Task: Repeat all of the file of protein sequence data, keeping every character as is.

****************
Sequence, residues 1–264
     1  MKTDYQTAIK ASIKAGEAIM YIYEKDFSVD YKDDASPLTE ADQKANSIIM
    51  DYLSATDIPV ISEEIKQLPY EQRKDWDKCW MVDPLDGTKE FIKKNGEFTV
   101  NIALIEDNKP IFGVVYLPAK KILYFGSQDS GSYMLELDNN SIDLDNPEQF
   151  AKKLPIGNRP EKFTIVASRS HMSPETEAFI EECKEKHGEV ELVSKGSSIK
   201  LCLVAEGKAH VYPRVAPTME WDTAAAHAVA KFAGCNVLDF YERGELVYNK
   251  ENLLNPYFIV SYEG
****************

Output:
Sequence, residues 1–264
     1  MKTDYQTAIK ASIKAGEAIM YIYEKDFSVD YKDDASPLTE ADQKANSIIM
    51  DYLSATDIPV ISEEIKQLPY EQRKDWDKCW MVDPLDGTKE FIKKNGEFTV
   101  NIALIEDNKP IFGVVYLPAK KILYFGSQDS GSYMLELDNN SIDLDNPEQF
   151  AKKLPIGNRP EKFTIVASRS HMSPETEAFI EECKEKHGEV ELVSKGSSIK
   201  LCLVAEGKAH VYPRVAPTME WDTAAAHAVA KFAGCNVLDF YERGELVYNK
   251  ENLLNPYFIV SYEG